5:30pm, no word from the driver.  I wrote to the UK office, who said they’d probably come tomorrow.  Frustrated and exhausted, I contacted work to arrange coverages on standby so I could run over to my apartment for the delivery.  (They also offered I could take another day, but that is too many days away from the kids).

Freed from the apartment, I hiked to the supermarket.  I say hike, because I have to literally hike up a steep hill to get there and lug the goods back.  As soon as I sat down to have some chicken and cheese, my old international phone rang.

“Hello?”
“Hi, we have some boxes and a sofa for you,” said a friendly Irish voice.

Soon I learned that they did not have my new number or get the directions.  They said they were 300 yards from me and wanted to carry the goods down that crazy hill. No way dude, too far and steep.  They were stuck by the school and after 40 minutes on the phone, I got them to the street I needed them to be to get closer.  BUT . . . the truck was so high that it wouldn’t fit under the highway overpass.  They had to park on the highway and walk down with all my boxes, electronics and SOFA from the highway, down the stairs, and down a little winding steep street that led to my door — maybe 150 meters.

It started raining as they were finishing, and I offered them food and whatever they wanted.  I also had no money to tip them for their extraordinary efforts so I asked if I could go to a bankomat to pay them.  “It’s not your fault.  Dont’ worry about it.”

And they were on their way to Monaco.  Such nice guys, and everything arrived intact.  I had my things.  Whew!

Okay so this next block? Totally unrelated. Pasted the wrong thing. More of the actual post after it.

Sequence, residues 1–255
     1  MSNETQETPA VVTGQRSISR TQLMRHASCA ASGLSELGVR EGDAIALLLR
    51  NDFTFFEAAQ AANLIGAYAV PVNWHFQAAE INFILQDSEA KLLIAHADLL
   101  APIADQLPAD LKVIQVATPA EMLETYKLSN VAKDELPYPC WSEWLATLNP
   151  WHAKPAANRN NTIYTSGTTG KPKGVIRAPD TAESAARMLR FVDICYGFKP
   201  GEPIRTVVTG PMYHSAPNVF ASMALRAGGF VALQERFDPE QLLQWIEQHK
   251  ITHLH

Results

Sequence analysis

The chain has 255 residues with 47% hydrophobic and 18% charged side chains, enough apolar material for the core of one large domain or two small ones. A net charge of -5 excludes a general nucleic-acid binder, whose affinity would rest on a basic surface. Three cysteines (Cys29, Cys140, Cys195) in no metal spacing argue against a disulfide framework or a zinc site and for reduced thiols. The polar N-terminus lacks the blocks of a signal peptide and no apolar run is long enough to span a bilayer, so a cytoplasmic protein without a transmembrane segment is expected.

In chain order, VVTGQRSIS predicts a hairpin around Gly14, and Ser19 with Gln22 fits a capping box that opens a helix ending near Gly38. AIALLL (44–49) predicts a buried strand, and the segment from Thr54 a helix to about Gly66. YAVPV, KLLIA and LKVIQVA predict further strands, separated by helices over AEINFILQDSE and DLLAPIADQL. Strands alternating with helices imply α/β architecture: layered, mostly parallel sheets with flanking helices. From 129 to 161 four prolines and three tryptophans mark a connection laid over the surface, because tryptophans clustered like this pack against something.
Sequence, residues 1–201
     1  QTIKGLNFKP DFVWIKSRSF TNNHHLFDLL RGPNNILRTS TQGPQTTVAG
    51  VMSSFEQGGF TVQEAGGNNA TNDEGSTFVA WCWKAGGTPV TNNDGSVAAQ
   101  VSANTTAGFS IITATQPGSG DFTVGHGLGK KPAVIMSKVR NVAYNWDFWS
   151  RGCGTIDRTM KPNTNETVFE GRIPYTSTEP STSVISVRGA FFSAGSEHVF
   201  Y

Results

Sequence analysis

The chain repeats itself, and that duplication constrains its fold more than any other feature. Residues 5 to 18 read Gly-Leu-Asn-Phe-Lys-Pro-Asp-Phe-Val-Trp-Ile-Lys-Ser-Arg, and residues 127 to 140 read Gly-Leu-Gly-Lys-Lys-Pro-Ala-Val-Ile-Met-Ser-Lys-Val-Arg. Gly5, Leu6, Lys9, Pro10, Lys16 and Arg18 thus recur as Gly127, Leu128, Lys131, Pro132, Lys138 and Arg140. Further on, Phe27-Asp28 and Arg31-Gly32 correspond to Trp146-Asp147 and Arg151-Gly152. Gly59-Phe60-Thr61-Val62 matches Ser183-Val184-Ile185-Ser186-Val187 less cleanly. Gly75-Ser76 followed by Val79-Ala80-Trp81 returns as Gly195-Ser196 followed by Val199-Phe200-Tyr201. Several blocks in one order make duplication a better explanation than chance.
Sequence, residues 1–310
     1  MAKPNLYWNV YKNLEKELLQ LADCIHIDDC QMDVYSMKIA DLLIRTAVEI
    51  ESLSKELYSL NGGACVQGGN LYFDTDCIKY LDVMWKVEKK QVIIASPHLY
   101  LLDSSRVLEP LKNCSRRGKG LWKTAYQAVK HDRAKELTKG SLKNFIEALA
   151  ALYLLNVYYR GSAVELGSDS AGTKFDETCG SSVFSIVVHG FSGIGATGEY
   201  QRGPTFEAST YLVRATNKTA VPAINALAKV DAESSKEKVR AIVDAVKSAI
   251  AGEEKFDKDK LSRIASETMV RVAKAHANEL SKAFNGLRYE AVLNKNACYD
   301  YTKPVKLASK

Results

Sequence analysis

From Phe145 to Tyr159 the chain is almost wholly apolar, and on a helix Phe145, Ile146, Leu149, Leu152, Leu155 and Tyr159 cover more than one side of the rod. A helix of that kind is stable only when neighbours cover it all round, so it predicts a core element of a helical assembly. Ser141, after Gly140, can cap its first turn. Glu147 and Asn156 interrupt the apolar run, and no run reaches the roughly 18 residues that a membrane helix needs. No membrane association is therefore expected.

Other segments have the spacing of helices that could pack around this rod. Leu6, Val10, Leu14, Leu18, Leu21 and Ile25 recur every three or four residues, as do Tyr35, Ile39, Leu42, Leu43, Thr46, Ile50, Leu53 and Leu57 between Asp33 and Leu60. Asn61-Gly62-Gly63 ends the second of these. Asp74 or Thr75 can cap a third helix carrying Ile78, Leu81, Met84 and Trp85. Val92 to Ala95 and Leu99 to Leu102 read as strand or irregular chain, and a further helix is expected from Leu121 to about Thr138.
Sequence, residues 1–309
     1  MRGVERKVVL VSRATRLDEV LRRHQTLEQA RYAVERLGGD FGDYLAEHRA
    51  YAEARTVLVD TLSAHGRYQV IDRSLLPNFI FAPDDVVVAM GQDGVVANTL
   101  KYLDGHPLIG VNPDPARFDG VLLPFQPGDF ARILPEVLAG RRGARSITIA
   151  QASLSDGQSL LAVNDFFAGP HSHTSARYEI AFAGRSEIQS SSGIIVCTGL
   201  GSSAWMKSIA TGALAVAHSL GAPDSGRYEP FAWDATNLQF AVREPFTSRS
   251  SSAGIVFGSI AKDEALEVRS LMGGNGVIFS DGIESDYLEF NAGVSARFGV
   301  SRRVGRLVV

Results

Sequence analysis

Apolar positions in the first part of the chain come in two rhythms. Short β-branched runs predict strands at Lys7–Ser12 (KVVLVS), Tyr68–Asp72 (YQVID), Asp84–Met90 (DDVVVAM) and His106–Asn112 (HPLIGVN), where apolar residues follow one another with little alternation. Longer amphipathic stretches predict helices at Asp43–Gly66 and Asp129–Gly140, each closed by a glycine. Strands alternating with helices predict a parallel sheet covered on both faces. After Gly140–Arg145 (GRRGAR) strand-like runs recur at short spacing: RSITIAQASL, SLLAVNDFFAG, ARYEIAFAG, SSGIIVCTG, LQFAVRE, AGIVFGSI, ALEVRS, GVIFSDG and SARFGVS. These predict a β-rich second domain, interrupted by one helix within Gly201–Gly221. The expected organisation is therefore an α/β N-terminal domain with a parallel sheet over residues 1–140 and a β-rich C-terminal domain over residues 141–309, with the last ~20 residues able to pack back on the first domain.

Earlier in the night, as they were unloading the truck, I called my dad at my breaking point, in absolute frustration and just needed to VENT.  I said something very similar to the following in a rambling monologue:

“I’ve had enough.  This is ridiculous.  This country is so broken.  Nothing works.  I can’t even receive packages.  I can’t get money.  My ADSL doesn’t work.  I can’t even buy cheddar!”  I was so serious, but even as I said the last line, I realized how ridiculous it sounded, but it’s a valid complaint.  No variety, so shut in their ways, fearing global influence, fearing anything non-Italian, that we can’t even have cheddar cheese.  All Italian, all the time.  And that philosophy seems to have permeated the lifestyles, where they do things the Italian way, even if it doesn’t make the most sense.  Whatever . . .

In my rant, I added, “If I could get back on a plane, I would.  I’m done.  It’s a frustrating place to live.  Teachers left last year because they were so frustrated with the nonsense.  The school is trying to help, but it’s ridiculous.  Someone already left this year after 2 weeks.  2 weeks!” I was so loud that I think neighbors heard me, so there goes my reputation in the neighborhood — there I was being a spoiled New Yorker Ugly American, unable to adjust to “normale,” the way things are done here.

“It’s good for visiting,” said my Dad.

“No it’s not.  It’s frustrating for that, too. T hat’s why I avoided it for so many years.  I’m done with this country.”

As I said the words, I knew I didn’t mean them.  I instantly felt bad, like I had just talked badly about a boyfriend.  I didn’t want to betray my Italy, my host country that offered so much to me: beauty, happiness, peace . . .  Italy had changed my life.  I just had to navigate this nonsense.  One hoop at a time, I’ll get settled, I’ll learn more about the culture and the language.  And at the end of the day, it all still makes much more sense and is way friendlier than working for the DOE in NYC.